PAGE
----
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Reseñas, Issue 9 | March 2013

     

Leaving Tulsa

Reviewed by BOJAN LEWIS

leaving-tulsa-cover

Most of the present day canon of Indigenous Literature—true Indigenous Literature and not the midlife crisis musings of a gringo who’s discovered a couple of Indian blood cells beneath a microscope—is filled with the scattered artifacts and disturbed and disinterred remains of our ancestors, the poetics of mapped and woven connections, the violent collision of Western systems and religions with that of Indigenous ideologies, stories, and ancestral lands.  We are, or have become and exist against being displaced in our own home lands: Manifest Destiny and the annihilating campaigns of the US Military, the greed of vicious men out to procure that which has been deemed valuable by banks, government, and the wealthy: scalps, pelts, hides, gold, copper, coal, oil, natural gas, uranium, and water.

It’s been surmised—by many academics fattened on the side dish of Magical Realism—that Indigenous Literature exists, or has existed, in a state of lucid dreaming.  But that’s all too nostalgic and sentimental, somewhat escapist, and fitting for the trope of a vision quest.  Our imaginations do indeed run akin to the beautiful and frightful world of chimeras that Mexican director Guillermo del Toro manages to create in his films; a bridge for the myths of the Indigenous inhabitants of both the European and American continents to cross and intermix; a place for the gods, deities, and creatures, both real and fantastic, to tread; a place where our ideologies are mired in the past.  But what is dismissed and not often understood is that these concerns, beliefs, and traditions all lead, and have led, to the future.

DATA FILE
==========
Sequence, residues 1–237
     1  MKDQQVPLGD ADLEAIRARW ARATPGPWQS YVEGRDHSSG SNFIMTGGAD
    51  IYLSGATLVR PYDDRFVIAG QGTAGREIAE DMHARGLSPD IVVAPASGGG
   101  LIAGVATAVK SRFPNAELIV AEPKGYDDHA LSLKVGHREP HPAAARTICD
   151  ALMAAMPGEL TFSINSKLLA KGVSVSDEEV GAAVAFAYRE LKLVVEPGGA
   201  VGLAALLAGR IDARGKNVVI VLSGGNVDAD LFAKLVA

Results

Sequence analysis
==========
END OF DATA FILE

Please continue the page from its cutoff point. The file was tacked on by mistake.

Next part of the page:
Leaving Tulsa
by Jennifer Elise Foerster
The University of Arizona Press, 2013
88 pp. $15.95 (paper) 
Buy it from the press

Jennifer Elise Foerster, a member of the Muscogee (Creek) Nation of Oklahoma with German and Dutch descent, is a relatively new voice to Indigenous Literature.  I say, relatively, because she’s been publishing in journals for years, doing the work, and has received numerous fellowships for her poetry:  Soul Mountain Retreat, Vermont Studio Center, and a two-year stint as a Wallace Stegner Fellow at Stanford University, among others.  She is of that new school of poets emerging out of the BFA program at the Institute of American Indian Arts in Santa Fe, New Mexico, which has been the launching ground for many of the voices of Contemporary Indigenous Poetics: Santee Frazier, Sherwin Bitsui, Orlando White, and dg nanouk okpik to name a few.  IAIA recently announced its first run of faculty for their new Low-Residency MFA program, a place decolonized with a wide aperture that will leave nothing undefined in the dominate literary darkness.

Foerster begins, Leaving Tulsa, with the poem, “Relic,” which acts as both section header and title:

An atlas
on the underside of my dream.

My half-shut eyelid—
a black wing.

I dipped sharp quills
in the night’s mouth—

moths swarmed
from my throat.